BETIS - REAL MADRID
Goalless Betis face Bale-less Madrid
Juan Merino’s side haven’t scored in seven games, while either Jesé or James could come in for the injured Welshman.
This evening’s trip to Seville is perhaps Zinedine Zidane’s first hurdle on his remarkable journey as Madrid coach. Bale’s absence takes away a quarter of the team’s league goals and disrupts the rhythm of the front three. The team will also be without the vociferous support of the Bernabéu faithful, who have bought into the manager’s ‘fresh start.’ What’s more, Betis will be more of a challenge than their league position and statistics suggest: 44,000 fans full of belief will fill the Benito Villamarín hoping for goals. The home side’s season reads like a treatise on drought: no other team has scored fewer goals in the league (just 13). They haven’t scored in 7 games and their only goalscorer, Rubén Castro (8 goals) hasn’t made the score sheet in 9. The team is winless since the 2nd December.
This impotence in front of goal and in the final third cost Pepe Mel his job with the club just 5 points above the relegation zone. Merino, his replacement, looks more established every day and has implemented a fiercer style of play. This new style won them a point at Villarreal and will today, with the same energy and vigour and more or less the same players, look to do the same today. Molinero will come into the starting line-up for the injured Piccini and perhaps make space for Ceballos, the exciting yet inconsistent youth product. The team needs to give the club the stability they’ve been missing for a while now. President Juan Carlos Ollero was on the verge of standing down this week in the latest institutional shake-up and Sporting Director Eduardo Maciá has been on the end of some heavy criticism for the squad he’s put together and for the lack of winter reinforcements. The most cynical onlookers expect them to arrive tomorrow, a way of deflecting attention in case of defeat tonight.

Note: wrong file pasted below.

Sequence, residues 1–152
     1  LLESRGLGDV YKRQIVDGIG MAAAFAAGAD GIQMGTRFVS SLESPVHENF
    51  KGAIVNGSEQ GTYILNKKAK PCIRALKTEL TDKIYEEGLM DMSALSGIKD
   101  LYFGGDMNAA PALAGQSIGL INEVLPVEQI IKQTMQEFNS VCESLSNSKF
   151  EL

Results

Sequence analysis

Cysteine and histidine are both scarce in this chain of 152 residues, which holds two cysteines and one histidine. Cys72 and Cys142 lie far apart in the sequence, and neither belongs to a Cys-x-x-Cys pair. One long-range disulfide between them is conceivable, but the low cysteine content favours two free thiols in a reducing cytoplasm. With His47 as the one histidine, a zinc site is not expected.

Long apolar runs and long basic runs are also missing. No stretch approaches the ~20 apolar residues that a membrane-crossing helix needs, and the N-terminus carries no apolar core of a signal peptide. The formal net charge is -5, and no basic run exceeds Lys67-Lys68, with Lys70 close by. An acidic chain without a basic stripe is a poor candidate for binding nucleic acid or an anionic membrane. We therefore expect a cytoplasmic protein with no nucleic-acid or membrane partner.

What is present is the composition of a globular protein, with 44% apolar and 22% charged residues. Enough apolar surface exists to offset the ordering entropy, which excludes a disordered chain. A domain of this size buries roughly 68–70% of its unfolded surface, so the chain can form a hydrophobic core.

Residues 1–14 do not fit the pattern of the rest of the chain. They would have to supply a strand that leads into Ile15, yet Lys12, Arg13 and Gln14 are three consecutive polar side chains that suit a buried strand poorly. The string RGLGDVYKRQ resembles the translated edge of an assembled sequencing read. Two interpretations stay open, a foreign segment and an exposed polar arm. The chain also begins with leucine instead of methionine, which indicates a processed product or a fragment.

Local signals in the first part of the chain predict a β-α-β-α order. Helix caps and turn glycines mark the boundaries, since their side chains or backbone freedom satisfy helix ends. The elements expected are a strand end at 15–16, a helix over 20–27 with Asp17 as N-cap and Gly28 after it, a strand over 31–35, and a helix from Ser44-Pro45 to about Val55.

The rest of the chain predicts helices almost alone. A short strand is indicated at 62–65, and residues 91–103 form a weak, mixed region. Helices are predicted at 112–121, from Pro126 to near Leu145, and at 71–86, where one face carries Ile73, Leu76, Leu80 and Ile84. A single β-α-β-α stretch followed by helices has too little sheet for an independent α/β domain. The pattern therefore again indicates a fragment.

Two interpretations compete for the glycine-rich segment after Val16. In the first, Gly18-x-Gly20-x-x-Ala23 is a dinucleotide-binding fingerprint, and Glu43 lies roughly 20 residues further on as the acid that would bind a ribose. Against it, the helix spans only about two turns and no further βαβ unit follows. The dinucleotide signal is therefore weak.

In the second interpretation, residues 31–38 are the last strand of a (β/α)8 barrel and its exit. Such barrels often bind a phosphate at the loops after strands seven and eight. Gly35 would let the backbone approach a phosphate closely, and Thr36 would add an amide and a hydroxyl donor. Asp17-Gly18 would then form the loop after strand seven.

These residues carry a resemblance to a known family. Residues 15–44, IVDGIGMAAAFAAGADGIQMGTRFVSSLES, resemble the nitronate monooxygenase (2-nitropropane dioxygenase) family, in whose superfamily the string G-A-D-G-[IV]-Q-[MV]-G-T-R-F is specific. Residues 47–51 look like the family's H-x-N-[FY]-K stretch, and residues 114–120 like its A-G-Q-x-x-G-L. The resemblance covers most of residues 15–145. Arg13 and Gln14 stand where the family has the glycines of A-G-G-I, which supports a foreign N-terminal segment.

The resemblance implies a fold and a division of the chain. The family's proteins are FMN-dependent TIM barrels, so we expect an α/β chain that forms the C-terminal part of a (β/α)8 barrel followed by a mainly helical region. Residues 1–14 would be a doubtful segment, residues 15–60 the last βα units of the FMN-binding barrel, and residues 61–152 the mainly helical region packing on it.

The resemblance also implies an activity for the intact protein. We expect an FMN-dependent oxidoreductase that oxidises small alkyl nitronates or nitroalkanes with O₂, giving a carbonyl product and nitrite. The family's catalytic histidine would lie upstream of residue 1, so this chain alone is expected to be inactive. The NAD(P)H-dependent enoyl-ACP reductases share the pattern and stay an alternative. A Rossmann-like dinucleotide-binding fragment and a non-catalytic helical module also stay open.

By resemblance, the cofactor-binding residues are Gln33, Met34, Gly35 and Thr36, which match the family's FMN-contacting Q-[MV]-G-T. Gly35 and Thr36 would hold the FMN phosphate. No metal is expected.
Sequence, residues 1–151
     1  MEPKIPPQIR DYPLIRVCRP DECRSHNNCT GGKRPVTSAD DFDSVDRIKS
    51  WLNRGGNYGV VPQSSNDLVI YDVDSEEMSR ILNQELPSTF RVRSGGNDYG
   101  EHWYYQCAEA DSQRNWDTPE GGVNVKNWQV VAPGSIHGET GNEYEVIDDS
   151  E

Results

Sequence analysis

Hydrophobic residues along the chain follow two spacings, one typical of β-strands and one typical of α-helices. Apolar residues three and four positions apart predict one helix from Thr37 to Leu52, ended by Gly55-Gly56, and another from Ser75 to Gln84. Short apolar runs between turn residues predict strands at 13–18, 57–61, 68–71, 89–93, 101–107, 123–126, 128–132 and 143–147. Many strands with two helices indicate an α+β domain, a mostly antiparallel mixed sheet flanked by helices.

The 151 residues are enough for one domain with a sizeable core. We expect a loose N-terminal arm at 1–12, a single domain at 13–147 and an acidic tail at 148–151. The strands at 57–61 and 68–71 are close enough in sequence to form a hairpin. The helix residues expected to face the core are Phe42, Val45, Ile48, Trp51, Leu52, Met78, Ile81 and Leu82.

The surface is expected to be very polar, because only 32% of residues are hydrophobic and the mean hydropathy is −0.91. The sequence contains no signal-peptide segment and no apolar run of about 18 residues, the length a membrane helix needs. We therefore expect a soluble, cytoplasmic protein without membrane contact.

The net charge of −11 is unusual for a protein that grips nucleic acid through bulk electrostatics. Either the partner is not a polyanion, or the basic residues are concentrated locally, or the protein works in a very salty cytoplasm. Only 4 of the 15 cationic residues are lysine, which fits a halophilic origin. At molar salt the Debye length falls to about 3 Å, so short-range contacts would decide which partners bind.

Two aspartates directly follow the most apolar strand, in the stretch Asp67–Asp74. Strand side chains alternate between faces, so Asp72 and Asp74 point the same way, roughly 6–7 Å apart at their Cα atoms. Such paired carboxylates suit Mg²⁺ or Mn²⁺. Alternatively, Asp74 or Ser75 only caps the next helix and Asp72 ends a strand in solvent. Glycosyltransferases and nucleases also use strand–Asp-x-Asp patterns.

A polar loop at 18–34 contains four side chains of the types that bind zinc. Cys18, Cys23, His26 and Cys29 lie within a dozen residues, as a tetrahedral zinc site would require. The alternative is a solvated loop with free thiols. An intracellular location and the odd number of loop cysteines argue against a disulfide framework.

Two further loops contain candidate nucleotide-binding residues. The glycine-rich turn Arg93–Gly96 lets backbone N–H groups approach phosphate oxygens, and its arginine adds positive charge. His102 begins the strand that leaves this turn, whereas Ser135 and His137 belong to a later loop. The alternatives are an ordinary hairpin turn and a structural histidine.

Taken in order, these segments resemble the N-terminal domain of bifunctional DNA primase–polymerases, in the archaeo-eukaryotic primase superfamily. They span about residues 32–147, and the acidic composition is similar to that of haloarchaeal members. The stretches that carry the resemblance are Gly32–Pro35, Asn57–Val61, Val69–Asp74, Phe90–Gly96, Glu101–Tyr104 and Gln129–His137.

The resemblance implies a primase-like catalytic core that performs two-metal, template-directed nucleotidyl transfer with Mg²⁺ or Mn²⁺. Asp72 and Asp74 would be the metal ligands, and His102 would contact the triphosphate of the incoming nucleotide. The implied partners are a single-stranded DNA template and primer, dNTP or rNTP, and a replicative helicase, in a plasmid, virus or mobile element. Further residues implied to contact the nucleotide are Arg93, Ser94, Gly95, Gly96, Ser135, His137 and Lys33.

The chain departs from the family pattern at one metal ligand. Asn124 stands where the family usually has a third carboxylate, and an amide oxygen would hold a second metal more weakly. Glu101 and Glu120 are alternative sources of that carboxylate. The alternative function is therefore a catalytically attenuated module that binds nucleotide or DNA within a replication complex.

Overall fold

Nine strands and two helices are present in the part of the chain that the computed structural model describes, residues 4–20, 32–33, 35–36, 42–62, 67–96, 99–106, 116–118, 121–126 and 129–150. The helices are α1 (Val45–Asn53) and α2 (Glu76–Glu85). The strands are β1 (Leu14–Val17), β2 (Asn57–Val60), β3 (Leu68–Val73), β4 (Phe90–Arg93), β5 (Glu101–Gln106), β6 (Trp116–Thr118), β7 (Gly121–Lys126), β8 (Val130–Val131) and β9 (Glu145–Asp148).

On the rival bench, Zidane is once again without Sergio Ramos while Bale’s injury has posed tactical and diplomatic challenges. With Isco settled, it remains to be seen whether James has straightened out (he didn’t hide his anger during the match against Sporting) or if Jesé will work well in the 4-3-3. Isco and James have, until now, mixed about as much as oil and water: so far they’ve played just 65 minutes together in the league this season, and 138 minutes in all competitions. Ancelotti tried to ensure that they didn’t play exclusively and didn’t manage it. Benítez never really had the chance. Today we’ll see whether Zidane seeks to address the matter.